Residents denounce uncontrolled paramilitary violence in Chenalhó

A community in the autonomous Zapatista municipality of Magdalena de la Paz (the official municipality of Aldama).

By: Hermann Bellinghausen

At least 25 deaths, dozens of injured and thousands of displaced is the recent result of a conflict caused by the civilian armed groups in Santa Martha, municipality of Chenalhó, Chiapas, against families of Zapatista support bases as well as “partidistas” (members of a political party) in Aldama and Magdalena.

What began as an agrarian dispute has evolved into a real “social problem” because of the impunity of the aggressors and the cooptation policies of the authorities. The Zapatista Good Government Junta (Junta de Buen Gobierno, JBG or Junta) of the Caracol of Oventik, in Los Altos (the Highlands of Chiapas), placed responsibility on the federal, state and municipal governments for the uncontrolled upsurge of paramilitary violence that causes anguish in the region. Between September 2017 and the end of 2018 there were 22 deaths. Between December and January 2019 there were another three. In a report that the Fray Bartolomé de Las Casas Human Rights Center (Frayba) released, the JBG pointed out after “the strongest confrontations,” now in the time of President Andrés Manuel López Obrador and Governor Rutilio Escandón, on January 21 and 22 (“the bursts were heard across the entire river strip that serves as the division between the towns”). As a “solution,” the government sent trucks of soldiers and police to install a base of operations in the community of Cocó (Aldama).”

“That’s how they justify militarization after they themselves insert problems in Zapatista territory,” the JBG adds. “Of course we tell them: they are provoking us and they are obliging us to defend ourselves.” The JBG denounces that: “the bad government told the partidistas that if they did not accept their Guardia Nacional they would take the economic supports away from them.”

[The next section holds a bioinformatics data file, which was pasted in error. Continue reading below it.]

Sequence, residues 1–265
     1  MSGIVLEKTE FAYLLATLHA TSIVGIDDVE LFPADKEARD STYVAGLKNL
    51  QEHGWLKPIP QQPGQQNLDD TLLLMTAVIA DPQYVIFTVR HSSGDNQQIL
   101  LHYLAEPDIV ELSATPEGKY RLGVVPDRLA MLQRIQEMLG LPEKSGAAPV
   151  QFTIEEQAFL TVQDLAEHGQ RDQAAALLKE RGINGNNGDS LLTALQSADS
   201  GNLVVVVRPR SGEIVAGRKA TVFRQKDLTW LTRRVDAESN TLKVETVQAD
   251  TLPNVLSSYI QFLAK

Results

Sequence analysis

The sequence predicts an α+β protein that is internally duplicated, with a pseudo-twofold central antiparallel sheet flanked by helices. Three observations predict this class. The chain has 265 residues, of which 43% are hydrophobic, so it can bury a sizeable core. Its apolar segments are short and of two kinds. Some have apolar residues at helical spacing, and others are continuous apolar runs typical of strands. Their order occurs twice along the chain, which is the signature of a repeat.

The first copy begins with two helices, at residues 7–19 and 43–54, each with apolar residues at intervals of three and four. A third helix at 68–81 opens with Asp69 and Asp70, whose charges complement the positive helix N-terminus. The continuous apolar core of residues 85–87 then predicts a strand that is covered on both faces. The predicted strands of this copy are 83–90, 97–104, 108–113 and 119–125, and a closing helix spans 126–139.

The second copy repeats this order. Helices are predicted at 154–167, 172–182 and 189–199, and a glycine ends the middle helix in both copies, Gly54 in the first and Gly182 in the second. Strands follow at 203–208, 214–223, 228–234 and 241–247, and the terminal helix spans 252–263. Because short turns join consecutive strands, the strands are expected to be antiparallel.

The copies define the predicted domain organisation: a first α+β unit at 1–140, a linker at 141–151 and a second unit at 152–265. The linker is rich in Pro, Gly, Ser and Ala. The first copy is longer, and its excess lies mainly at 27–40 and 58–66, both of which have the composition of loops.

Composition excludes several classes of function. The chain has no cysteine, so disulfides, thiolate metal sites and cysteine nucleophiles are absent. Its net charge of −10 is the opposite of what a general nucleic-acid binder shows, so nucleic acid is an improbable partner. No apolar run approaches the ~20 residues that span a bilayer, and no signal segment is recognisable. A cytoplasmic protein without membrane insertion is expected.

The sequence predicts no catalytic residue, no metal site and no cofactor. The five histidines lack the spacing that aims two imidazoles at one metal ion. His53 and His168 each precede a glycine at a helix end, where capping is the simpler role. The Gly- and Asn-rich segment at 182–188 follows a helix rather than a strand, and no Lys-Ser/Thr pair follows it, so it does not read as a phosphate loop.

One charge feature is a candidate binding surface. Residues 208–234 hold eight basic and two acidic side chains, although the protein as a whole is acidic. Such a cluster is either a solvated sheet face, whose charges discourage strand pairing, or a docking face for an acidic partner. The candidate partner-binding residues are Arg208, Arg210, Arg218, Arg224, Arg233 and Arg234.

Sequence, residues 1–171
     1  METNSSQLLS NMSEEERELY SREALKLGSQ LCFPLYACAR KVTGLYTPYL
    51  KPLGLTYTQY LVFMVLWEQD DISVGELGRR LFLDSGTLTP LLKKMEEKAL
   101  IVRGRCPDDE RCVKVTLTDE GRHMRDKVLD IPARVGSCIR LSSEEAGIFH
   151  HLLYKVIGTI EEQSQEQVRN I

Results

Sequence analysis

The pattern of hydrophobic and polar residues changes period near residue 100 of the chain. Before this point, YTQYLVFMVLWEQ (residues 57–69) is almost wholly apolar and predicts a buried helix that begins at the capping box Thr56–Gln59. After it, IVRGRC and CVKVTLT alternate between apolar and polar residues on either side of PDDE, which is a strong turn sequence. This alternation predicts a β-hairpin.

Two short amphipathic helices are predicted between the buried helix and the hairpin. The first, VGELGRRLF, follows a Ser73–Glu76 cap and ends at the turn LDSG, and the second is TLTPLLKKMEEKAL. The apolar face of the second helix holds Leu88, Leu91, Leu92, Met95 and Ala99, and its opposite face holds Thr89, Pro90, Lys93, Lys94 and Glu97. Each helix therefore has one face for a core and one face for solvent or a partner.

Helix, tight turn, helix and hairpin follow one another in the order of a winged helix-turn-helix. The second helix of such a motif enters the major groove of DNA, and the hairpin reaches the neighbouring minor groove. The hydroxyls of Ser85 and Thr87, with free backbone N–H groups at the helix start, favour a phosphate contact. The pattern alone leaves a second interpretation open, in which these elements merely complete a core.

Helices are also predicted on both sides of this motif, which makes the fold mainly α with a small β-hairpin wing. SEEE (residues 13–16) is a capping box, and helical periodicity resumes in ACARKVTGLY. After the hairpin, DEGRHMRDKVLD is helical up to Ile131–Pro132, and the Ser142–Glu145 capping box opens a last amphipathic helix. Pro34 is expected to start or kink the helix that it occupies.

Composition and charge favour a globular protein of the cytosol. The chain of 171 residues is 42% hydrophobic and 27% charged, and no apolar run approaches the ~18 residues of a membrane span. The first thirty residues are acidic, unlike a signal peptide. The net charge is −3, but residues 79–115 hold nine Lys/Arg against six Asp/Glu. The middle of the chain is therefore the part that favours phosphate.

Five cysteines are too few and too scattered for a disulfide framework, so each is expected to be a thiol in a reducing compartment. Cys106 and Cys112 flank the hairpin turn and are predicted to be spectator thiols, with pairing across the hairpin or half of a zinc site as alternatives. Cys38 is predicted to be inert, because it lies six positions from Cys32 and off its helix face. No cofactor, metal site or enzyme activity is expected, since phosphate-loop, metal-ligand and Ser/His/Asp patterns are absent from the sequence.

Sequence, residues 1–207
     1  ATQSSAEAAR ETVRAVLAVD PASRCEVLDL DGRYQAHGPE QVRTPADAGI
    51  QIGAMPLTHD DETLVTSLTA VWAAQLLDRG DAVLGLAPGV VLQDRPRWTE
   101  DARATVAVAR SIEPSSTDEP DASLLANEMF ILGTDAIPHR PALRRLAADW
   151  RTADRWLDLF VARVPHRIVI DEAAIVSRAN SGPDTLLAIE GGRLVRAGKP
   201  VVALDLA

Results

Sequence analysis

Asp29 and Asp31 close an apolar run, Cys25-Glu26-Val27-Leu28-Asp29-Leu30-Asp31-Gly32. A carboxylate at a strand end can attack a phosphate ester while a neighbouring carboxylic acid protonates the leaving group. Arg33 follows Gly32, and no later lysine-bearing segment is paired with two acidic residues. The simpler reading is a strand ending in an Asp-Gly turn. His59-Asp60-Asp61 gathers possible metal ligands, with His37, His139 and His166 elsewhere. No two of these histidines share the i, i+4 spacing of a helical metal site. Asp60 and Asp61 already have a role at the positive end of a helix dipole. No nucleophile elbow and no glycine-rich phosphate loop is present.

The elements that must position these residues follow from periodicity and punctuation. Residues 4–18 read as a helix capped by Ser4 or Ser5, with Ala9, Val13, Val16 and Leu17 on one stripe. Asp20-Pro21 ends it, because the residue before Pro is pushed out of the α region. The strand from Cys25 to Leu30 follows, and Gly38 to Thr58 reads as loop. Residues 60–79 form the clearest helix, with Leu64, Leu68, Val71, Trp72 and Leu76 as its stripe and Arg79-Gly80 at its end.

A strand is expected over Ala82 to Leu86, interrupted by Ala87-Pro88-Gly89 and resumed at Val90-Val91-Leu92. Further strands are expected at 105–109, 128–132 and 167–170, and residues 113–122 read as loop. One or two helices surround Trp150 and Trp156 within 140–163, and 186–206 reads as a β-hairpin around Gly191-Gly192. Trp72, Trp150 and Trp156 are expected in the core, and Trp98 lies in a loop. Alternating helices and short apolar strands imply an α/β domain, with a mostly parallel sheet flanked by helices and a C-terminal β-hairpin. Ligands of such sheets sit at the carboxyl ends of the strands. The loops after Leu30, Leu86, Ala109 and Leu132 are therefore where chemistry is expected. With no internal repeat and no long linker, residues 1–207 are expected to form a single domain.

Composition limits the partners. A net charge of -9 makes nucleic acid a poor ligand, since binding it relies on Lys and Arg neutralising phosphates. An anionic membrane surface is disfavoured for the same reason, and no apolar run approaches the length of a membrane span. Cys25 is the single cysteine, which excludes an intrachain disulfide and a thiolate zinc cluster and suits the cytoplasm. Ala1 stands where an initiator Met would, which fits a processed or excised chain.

The problem is not new. It dates from at least 1977. The source of the dispute is 60 hectares of Aldama property that the government delivered to Santa Martha. “The three levels of government, past and present, are responsible for the division, confrontation, fear and breaking up oif community life.” According to the Junta, “agreements appeared that were not fulfilled, adding more fuel to the fire, because the real objective is to divide the communities,” to facilitate “the entry of the big entrepreneurs into Native territories and the plunder of our wealth.”

In what is the first public statement in five years from a Junta, the Oventik Junta says: “We have always said that the solution is not the militarization of the peoples.” Placing responsibility on the current government for this violence, it points out: “Its policy is to distribute money and crumbs, create conflicts and to militarize the indigenous communities. They (the bad governments) are accustomed to giving money to calm the people. Is that not corruption?”

For its part, the Frayba announced that: “since the beginning of 2018, at least 13 Aldama communities, among them the municipal capital, have been the target of attacks with firearms coming from members of Santa Martha community, Chenalhó. There are currently thousands of victims of forced displacement, besides various persons injured and extra-judicially executed.”

Articles in English describing the origins of this conflict:

Originally Published in Spanish by La Jornada

Thursday, February 7, 2019

Re-Published with English interpretation by the Chiapas Support Committee



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